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Fashionable, affordable and green: eight of the best plants for 2020

Plants: we quite simply can’t live without them. They release oxygen for us to breathe, provide animals with food and habitat, improve air quality and humidity levels in the home, and have been shown to reduce stress, making us calmer and happier.

To celebrate our chlorophyll-full companions, we’ve selected eight fabulous plants – for inside and out – that we should all get to know.

1. Hoya kerrii

This succulent, native to south-east Asia, also goes by the name of “Hoya heart”, “wax heart” or “lucky heart” because of its love-heart shaped leaves.

It’s often sold as a single leaf, planted to look like a heart sprouting out of the soil, but left to grow the plant forms tropical vines. The good news is that the Hoya kerrii is extremely easy to look after. It likes bright sun, a well-drained pot, and watering every two to three weeks.

The Hoya kerrii succulent is native to south-east Asia - when left to grow, the plant forms tropical vines.

2. Fiddle-leaf fig

Searching for an indoor tree? Look no further than the fiddle-leaf fig. Officially titled the Ficus Lyrata, this is one of today's “it” plants. Native to the tropical rainforests of western Africa, it’s now popping up in trendy homes, luxurious hotels and the pages of interiors magazines. (Although it’s unlikely to produce its green fruit in a temperate climate.)

It gets its name from the shape of its leaf: broad, with a narrow middle, just like a fiddle. It likes its roots to be kept moist (but doesn’t appreciate being over-watered) and is a fan of the warm – so avoid placing in front of a drafty window.

The fiddle-leaf fig - 'Ficus Lyrata' - is native to the tropical rainforests of western Africa.

3. Sansevieria

There are around 70 species of Sansevieria, which are native to Africa, Madagascar and southern Asia. Classed within the Asparagaceae family they are cousins to the asparagus! Common names for the plant – which has upright, spikey leaves – include “mother-in-law's tongue”, “devil's tongue” and “snake plant”, perhaps due to its stripy, snakeskin-like pattern.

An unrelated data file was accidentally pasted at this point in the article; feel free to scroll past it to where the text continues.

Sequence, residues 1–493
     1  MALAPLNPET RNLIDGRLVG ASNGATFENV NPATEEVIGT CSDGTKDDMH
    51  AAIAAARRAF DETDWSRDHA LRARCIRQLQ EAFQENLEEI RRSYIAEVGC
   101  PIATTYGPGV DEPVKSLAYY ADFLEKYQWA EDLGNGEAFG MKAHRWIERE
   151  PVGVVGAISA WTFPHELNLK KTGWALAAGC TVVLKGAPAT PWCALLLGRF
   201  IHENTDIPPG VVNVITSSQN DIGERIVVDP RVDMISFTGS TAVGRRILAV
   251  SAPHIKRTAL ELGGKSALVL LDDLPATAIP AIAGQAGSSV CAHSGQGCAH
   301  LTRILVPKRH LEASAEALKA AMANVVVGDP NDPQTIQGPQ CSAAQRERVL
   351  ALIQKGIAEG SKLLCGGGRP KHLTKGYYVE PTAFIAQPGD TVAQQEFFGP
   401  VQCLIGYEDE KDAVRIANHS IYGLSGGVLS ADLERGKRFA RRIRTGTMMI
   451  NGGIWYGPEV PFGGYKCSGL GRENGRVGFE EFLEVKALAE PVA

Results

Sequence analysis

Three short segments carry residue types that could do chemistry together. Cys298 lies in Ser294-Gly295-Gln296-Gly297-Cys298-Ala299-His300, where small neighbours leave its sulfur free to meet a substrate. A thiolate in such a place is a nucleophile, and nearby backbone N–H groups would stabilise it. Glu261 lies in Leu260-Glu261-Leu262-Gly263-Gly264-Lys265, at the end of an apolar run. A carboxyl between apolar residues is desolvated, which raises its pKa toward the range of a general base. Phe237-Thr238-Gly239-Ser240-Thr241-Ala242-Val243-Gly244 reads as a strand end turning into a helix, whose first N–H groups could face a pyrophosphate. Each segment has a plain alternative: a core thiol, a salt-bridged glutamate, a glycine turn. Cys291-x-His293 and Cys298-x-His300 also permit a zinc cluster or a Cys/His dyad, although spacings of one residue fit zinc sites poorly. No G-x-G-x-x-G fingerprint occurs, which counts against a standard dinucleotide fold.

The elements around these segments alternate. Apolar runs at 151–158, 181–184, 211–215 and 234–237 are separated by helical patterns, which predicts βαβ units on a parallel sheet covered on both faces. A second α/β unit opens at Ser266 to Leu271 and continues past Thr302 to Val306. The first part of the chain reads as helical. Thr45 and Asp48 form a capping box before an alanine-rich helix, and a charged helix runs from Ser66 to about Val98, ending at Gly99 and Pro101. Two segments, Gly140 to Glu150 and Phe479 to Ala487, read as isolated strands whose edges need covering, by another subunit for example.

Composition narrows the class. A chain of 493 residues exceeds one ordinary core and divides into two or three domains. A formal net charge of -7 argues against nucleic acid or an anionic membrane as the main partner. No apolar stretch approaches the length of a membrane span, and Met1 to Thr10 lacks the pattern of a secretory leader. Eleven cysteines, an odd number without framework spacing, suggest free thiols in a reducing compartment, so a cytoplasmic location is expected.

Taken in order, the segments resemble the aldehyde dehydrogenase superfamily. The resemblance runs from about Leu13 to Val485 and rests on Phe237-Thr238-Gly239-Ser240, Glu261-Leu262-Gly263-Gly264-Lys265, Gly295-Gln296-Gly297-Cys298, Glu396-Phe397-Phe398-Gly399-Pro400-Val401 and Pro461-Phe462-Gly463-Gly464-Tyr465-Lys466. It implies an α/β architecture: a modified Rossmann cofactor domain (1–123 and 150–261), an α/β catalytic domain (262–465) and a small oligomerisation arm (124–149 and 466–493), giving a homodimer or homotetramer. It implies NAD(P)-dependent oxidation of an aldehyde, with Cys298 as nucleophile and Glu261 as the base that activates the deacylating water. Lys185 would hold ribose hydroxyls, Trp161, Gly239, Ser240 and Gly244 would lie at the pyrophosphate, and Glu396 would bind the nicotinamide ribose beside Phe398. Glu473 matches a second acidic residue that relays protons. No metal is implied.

The plant has air-purifying qualities: it has been found to remove toxins like benzene, formaldehyde and trichloroethylene from the atmosphere. If you are away from home a lot (or just forgetful) then a Sansevieria could be the plant for you as they only need to be watered every few weeks.

There are around 70 species of Sansevieria - classed within the Asparagaceae family they are cousins to the asparagus.

4. Aloe vera

This stemless plant has bright green, thick, fleshy leaves with serrated edges.

Aloe vera is an incredibly useful plant to have around the house. It helps to relieve sunburn and heal wounds.

Not only does it look fun, it’s also an incredibly useful plant to have around the house, especially if you’re prone to the odd oven burn.

The medicinal properties of Aloe vera have been recognised for thousands of years. With its flesh rich in antioxidants and antibacterial agents, it helps to relieve sunburn and heal wounds. It likes bright, indirect sunlight, and watering every three weeks or so.